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Let's Do Lunch: Sundays at Waterloo & City

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There are some great lunches to be had in this town, and we want to celebrate the midday meal. So, let's do lunch, shall we?

Lunch is often the prime territory of Monday to Friday--that tasty midday break that separates the first part of the workday's drudgery from the second. Weekend lunch is eaten, but less discussed, partly because many restaurants opt to serve brunch and not lunch. But Sunday Lunch is a British staple (also known as the Sunday Roast) which serves as the main meal of the day.

One British import that's making waves in a City called Culver is Waterloo & City, a cheeky gastropub serving up Sunday lunch from 11:30-3 p.m. A menu melding savory egg-centric fare and mains of iconic British fare, Waterloo & City's Sunday is a great introduction to this "neighborhood spot."

Recently we were invited to check out Waterloo & City's Sunday Lunch. It was our second trip to the restaurant that was once the Crest House Family Restaurant on Washington Boulevard. Executive Chef/ Proprietor Brendan Collins and GM/ Proprietor Carolos Tomazos, both seasoned restaurant vets, transformed the space into something slightly more upscale but also very cozy. A room on one side has a sign declaring 'Wreck Room' on its door--inside a pool table, couches, dartboard, and--ohhhh, yes!--a classic Pac Man tabletop game. Hang in here with your drinks and grub ordered at the bar, and it's like your parents' basement circa 1986. Good times.

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Sunday Lunch showcases Collins' reverence for nose-to-tail cooking, a trend borne of necessity and frugality that is experiencing a joyous renaissance lately. Starters like the Chicken Liver & Foie Gras Mousse ($11) or the Duck Country Pate ($10) allow diners to indulge in the rich, intense flavors for which these ingredients are cherished. On their dinner menu, a broader sampling of cheese and meats--charcuterie--are available, and can be combined in a variety of selections. If you are feeling regal, opt for the be-all end-all: The King's Selection ($32) and be blown away bite by bite by the sumptuous, earthy, lush selection of terrines and other offal. And if you are feeling incredibly bold, come back for the blood cake. (Read more about that here.)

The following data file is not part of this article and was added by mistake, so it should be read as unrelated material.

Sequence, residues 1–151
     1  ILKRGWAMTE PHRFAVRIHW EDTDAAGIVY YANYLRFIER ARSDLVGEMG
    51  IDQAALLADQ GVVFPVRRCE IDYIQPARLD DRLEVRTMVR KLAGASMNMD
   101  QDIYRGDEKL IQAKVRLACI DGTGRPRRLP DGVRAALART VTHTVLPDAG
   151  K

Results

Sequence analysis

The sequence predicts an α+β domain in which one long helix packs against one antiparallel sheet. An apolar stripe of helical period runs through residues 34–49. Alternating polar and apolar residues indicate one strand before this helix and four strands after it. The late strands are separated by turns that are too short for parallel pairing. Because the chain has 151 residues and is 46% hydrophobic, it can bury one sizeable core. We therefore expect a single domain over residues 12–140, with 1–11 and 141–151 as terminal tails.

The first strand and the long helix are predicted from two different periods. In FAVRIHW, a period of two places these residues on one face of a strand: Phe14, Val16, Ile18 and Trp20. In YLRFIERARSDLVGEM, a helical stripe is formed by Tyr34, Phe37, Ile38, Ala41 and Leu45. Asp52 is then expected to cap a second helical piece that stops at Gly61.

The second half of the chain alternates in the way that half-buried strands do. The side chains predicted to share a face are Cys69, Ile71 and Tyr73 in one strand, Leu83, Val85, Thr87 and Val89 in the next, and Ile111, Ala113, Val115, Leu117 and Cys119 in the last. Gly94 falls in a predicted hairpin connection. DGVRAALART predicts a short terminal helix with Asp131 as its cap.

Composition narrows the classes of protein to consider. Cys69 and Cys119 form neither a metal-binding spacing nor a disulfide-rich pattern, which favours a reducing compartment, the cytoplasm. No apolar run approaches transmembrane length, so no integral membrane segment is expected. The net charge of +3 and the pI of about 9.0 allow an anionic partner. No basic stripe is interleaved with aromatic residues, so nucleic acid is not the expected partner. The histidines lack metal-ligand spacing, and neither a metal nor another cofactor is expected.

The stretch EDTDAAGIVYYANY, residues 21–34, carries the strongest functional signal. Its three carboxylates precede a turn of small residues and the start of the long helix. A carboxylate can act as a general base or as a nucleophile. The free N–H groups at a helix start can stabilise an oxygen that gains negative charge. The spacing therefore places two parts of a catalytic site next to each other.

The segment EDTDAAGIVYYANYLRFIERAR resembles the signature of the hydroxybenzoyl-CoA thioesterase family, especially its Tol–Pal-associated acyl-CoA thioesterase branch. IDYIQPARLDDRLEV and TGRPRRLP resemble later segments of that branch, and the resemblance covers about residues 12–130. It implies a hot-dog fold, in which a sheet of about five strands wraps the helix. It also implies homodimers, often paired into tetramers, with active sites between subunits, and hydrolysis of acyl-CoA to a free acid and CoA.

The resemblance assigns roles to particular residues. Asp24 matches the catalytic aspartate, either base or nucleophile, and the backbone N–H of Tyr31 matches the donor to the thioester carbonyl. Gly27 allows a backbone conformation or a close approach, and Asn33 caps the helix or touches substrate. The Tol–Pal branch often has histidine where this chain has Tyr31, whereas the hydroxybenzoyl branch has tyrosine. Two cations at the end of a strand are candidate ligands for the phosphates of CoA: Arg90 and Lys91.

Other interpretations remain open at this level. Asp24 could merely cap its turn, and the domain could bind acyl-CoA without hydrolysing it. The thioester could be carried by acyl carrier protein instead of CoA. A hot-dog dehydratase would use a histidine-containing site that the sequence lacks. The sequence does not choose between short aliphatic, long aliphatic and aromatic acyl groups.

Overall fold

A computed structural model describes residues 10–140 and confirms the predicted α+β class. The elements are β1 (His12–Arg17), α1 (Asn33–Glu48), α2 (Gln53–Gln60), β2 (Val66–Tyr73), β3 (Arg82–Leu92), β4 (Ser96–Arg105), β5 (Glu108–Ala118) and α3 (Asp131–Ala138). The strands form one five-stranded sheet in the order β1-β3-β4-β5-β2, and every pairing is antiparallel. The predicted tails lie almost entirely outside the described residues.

But we've digressed from the issue of lunch. If you are feeling brunch-ish, their hash dishes are hearty affairs of egg, meat, and potato, served in a skillet. The Eggs in Purgatory includes a mildly spiced tomato and lobster hash with eggs, while the Corned Beef Hash is savory and topped with poached eggs in Bernaise. Despite the meat-intensive charcuterie, there are several vegetarian options; on our Sunday the Frittata of the Day was a veggie-laden affair, and the potato pancake (the menu's label as "Latke" too much of a stretch, however) topped with poached eggs, avocado, and pico de gallo would make many a meat eater not think twice about missing their ration.

The mains are mostly British classics, but do what a gastropub ought to, and turn up the culinary volume on pub fare and the old familiar. Seasonal veggies and fruit infuse the menu with our hallmark Southern California bounty, and are best exemplified in dishes like an Arugula Salad with Grilled Figs, for example. Sticking to more traditional mains? The Roast Beef is eye-wideningly huge and visually stunning at first glance--almost larger than life, but also thankfully simple. Shepherd's Pie and Fish & Chips are on the menu, of course.

If you managed to save room for dessert (and/or eschewed the temptation to gobble down their house-made pastries like the pain au chocolat et al) the Sticky Toffee Pudding is--our table companions attest--the way to go. Having eaten the sweets at the start, and thus forsaking the space later, for us the way to go is to go back for a Sunday Lunch, replete with a refreshing Pimm's Cup, and give it a go.